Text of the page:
Posted by: mhirdyounger | May 22, 2014

The Power of Representation

In my last blog post, I expressed my frustration with the way that some development organizations and charities use pictures that take away a person’s dignity to get donors and funding. At the end of the post, I challenged organizations to represent beneficiaries and partners as individuals with many stories, dignity and agency. With choice. I argued development organizations also have a choice, a choice of how they represent those they work with and ‘for’.

This post is to build on that argument by providing some practical reflection pieces to support nuanced communications that show multiple stories. This is a short brief that I created with some of my colleagues at Engineers Without Borders* through participatory workshops to understand what steps, questions, and reflections we can use to ensure that our communications represent the grey spaces of ‘Africa’ and don’t represent poverty as a simple issue that money alone will solve.

The Power of Representation

When representing Africa through words, pictures our work and other mediums,

we strive to…

  • Think about partnership, honesty, truth, respect and equality
  • Consider diversity…of people, circumstances, perspectives
  • Be genuine.
  • Be conscious and intentional about our messages
  • Avoid generalizations and breakdown stereotypes
  • Think about how we ourselves have been mis-represented and about how we would like to be represented.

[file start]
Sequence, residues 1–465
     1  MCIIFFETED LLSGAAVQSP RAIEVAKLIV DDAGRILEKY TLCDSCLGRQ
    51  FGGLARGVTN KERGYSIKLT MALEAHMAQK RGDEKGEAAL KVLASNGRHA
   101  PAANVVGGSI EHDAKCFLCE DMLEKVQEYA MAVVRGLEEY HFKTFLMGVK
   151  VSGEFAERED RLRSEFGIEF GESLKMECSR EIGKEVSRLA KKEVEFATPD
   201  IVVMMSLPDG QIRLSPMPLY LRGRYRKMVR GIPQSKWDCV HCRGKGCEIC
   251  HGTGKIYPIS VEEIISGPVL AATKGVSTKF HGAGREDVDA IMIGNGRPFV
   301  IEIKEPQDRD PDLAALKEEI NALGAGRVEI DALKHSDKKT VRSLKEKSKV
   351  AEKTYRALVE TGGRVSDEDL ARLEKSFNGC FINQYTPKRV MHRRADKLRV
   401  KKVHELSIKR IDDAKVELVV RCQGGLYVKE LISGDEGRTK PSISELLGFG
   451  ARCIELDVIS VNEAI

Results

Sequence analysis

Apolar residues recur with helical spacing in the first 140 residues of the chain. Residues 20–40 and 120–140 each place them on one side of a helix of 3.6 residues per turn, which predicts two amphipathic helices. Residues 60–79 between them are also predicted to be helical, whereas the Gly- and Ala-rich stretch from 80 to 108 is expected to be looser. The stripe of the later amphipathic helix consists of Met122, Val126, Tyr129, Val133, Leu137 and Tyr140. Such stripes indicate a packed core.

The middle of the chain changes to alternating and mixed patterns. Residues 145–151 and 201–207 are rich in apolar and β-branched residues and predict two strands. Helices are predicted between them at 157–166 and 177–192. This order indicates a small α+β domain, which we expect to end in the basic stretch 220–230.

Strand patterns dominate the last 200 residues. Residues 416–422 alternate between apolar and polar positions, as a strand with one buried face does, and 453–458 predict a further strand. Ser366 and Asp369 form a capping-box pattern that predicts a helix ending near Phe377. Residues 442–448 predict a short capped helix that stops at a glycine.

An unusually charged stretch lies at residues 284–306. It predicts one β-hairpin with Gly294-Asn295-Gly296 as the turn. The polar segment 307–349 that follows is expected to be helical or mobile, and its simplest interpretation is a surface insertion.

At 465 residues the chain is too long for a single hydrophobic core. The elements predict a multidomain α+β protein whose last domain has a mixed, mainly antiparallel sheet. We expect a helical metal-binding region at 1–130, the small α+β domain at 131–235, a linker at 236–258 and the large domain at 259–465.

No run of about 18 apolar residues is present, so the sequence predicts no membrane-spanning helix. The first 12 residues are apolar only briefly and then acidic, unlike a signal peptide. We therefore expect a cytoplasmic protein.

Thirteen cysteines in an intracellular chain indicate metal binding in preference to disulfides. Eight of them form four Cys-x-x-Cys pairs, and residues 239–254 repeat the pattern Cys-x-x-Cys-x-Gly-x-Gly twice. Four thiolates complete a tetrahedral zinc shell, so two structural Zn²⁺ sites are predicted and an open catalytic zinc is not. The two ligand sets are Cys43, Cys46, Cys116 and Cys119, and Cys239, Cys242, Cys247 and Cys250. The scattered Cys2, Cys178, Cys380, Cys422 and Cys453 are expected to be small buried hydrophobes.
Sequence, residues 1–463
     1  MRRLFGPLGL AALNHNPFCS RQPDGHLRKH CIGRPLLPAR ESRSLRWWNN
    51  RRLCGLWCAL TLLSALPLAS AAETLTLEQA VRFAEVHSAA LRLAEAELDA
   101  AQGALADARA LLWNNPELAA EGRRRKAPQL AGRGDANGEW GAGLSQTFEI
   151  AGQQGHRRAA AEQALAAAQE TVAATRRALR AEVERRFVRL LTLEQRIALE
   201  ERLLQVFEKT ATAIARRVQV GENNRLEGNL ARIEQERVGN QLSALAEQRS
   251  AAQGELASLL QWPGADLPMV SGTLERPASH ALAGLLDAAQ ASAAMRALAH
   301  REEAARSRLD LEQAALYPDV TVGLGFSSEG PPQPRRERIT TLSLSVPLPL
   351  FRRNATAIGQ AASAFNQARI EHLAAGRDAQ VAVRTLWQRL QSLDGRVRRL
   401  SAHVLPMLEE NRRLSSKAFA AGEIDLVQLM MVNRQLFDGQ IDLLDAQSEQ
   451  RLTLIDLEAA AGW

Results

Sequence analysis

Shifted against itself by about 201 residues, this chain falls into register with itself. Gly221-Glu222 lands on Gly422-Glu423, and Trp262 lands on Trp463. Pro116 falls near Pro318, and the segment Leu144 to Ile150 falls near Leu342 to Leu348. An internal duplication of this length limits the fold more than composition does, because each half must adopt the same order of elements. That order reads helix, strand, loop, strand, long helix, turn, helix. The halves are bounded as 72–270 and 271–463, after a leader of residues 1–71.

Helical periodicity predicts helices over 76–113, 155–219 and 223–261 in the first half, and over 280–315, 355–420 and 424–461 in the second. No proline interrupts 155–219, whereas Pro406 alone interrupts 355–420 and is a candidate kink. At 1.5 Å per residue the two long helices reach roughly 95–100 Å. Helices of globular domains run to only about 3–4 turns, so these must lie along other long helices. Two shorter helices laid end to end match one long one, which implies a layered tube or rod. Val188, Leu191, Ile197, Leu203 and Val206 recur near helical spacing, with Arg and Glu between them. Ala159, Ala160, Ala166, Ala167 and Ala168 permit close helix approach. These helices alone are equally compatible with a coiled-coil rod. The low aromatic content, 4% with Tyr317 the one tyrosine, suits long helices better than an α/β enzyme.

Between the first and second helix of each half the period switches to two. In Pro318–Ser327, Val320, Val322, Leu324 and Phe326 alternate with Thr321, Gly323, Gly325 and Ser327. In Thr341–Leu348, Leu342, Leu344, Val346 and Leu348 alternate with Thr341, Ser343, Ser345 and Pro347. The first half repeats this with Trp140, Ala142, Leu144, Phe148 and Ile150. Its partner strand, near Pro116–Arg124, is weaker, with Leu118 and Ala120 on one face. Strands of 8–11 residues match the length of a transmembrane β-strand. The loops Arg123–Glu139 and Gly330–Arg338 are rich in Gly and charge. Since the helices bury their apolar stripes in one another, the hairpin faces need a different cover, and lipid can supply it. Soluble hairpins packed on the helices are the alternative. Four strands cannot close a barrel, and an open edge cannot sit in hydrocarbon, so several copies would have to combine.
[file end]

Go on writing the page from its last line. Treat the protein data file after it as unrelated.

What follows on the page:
• Imagine or actually have a permission slip is attached to each of our messages and that the subject has to sign off on it each time.
  • Take responsibility for the implications and consequences, intentional and unintentional of our representations.

we ask ourselves…

  • Who is represented? How are they represented?
  • How will the audience react? What will the audience notice?
  • What does the representation achieve?
  • What is left out? What are we not saying/including?
  • To what extent can we represent Africa? Those living in poverty?
  • What power do our representations have?
  • What dangers of interpretation exist?
  • To what extent are stereotypes reinforced?
  • What assumptions, biases, perceptions and perspectives underpin what we represent?
  • Why are these our messages?
  • What kinds of things do Africans/our African partners want to be represented?
  • What would it be like to have a Zambian NGO working in Canada? How would I feel? How would I want Canada to be represented?
  • Does this align with my/EWB’s values?
  • What would my partner organization say?

we strive to balance…

  • Negativity with positivity,
  • Simplicity and conciseness of messaging with the complexity of reality
  • How do we balance messaging (to donors, chapters, etc.) and keeping the nuances/complexities of our work?

Ultimately, we have to remember that our stories and communications as development workers and organizations have power. Power to shape how entire societies’ perceive the continent of Africa. Reflecting critically on that power is about striving to tell multiple stories, about not representing poverty as one story of a child with flies in their eyes.

What would you add to this list? Does your organization have a resource that you use to ensure your communications are nuanced and thoughtful about their power of representation? 

*Thanks to Michael Kennedy, Ryan Bourque and Louise Lyman who worked with me at EWB to develop this list through workshops.

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